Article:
Jack Wills — the self described outfitter to the gentry — plans to open 12 international stores, with the first being in Sylt, Germany.
The move will soften the impact of the devaluation of sterling.
However, given its distinctive British branding, upper midmarket prices and problematic expansion in the US, will its entrance to the German market be successful?
Here are a few reasons Jack Wills could make it work.
Germany remains popular for retail investment
Opening its first mainland European store in Germany is a strategic move for Jack Wills.
The German clothing market is forecast to grow by 2.8 percent in 2017 according to GlobalData research and there are gaps in the market for more international fashion players.
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New Look and Topshop have both successfully opened German stores last year while Primark has continued its assault on the market and now trades from 20 stores.
Jack Wills’ lifestyle competitor White Stuff is also actively targeting the German market.
Last June White Stuff launched a local language website to accompany its two standalone stores and has since opened another eight standalone stores and has a presence in 10 branches of German department store Karstadt.
This rapid rollout indicates early success for White Stuff, and should give Jack Wills confidence that its German expansion will be met with enthusiasm from domestic consumers, particularly given its quality credentials and classic style which are well suited to the German fashion market.
Germany’s ecommerce market remains underdeveloped, with only eight percent of retail purchases made online in 2016, versus 14.9 percent in the UK. German multi-channel online retail sales are forecast to grow by 8.3 percent over the next five years.
Jack Wills has a huge potential for online growth, particularly given its strong online sales from German shoppers via its UK platform, growing 75 percent in 2016 and boosted by its presence on Asos.
Jack Wills must launch a local website to coincide with its store opening, as it has in the US and Hong Kong.
Mistakes from US expansion must not be repeated
Selling internationally is not a new venture for Jack Wills.
It opened its first American store in 2010 and peaked at over 10 stores. However, the retailer expanded too quickly and read the market wrong.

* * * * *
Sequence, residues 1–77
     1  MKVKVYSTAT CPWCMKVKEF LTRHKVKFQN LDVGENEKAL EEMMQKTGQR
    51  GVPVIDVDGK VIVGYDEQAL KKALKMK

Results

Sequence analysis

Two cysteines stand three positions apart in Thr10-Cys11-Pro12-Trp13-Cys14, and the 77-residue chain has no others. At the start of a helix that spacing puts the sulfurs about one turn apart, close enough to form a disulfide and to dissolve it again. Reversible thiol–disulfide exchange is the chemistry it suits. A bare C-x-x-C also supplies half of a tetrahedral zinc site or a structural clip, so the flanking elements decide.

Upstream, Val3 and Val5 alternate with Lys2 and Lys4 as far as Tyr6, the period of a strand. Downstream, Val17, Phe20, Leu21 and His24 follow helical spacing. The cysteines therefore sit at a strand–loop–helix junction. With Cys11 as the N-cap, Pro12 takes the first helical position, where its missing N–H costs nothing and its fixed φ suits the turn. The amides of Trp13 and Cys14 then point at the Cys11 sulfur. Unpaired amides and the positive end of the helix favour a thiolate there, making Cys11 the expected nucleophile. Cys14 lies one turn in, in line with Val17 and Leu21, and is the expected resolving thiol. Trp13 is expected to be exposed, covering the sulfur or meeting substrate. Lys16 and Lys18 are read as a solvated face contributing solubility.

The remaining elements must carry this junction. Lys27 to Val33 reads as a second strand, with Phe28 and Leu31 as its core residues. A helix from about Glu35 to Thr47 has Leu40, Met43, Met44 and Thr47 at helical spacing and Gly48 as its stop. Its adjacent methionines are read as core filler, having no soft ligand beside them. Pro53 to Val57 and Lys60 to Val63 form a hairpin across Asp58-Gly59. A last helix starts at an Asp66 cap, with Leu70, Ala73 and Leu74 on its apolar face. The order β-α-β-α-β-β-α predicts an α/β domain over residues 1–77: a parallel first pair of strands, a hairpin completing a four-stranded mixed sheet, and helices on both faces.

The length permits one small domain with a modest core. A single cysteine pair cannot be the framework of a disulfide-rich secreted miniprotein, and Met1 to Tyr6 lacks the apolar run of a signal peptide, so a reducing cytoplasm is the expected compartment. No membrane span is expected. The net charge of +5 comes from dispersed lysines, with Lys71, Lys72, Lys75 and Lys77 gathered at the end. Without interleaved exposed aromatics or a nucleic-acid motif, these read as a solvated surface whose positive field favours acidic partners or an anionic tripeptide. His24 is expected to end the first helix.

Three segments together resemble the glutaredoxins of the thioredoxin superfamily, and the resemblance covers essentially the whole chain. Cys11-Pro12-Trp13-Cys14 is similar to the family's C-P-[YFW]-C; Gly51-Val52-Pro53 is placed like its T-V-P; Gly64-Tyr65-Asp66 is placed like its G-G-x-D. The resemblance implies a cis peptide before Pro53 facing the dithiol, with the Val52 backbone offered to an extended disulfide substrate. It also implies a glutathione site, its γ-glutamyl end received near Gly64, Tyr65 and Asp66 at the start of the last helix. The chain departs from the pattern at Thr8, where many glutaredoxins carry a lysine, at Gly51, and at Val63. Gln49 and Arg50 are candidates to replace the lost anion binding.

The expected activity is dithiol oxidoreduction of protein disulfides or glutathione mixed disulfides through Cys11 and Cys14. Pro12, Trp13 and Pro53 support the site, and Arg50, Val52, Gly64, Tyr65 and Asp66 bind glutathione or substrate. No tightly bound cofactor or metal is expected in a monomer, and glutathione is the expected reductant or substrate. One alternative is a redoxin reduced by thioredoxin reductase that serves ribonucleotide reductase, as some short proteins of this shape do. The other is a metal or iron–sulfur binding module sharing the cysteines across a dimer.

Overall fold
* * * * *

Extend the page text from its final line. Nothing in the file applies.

US sales struggled from 2013, with American shoppers refusing its high price branded basics, already served by established American retailers Hollister and Abercrombie & Fitch.
This, combined with a lack of investment and development in products specifically for the US shopper, resulted in store closures and it now has just five across the country.
Some closed stores were located in holiday towns such as Newhaven and Newport, mirroring its UK expansion strategy which started by locating stores in small affluent holiday towns such as Salcombe.
Although these locations are suitable for the brand during the peak summer season, they suffer poor footfall over the winter months.
Jack Wills will need to be mindful of this potential issue, with its first German store located in Sylt, an exclusive luxury beach resort in North Germany.
Jack Wills should attempt to capture holiday shoppers for return spend, for example by giving them discount codes for its website.
It also needs to take into consumer data acquired from online demand and opening its next German store in an affluent town with higher foot fall is probably a good idea.
It must adapt its offer for the German shopper, rather than simply replicating its UK store, as it did in the US. For example, despite Jack Wills pledging to move away from discounting in the UK, German shoppers are more discount driven.
Targeted marketing is essential
Jack WIlls relies on word of mouth viral marketing, rather than conventional advertising and will likely do the same in Germany.
In the US the retailer introduced so-called Seasonnaires in an attempt to raise its profile.
Seasonnaires are brand ambassadors, representing everything that is Jack Wills, spending their summer breaks travelling round the US and visiting the American stores, posting their experiences on social media.
The retailer should use a similar campaign in Germany.
For its Sylt store there is an opportunity to market the brand during the Mercedes-Benz Windsurf World Cup, held annually and fits the brand heritage and lifestyle image.
Without this kind of image people will not be prepared to pay upper midmarket prices for an unknown brand.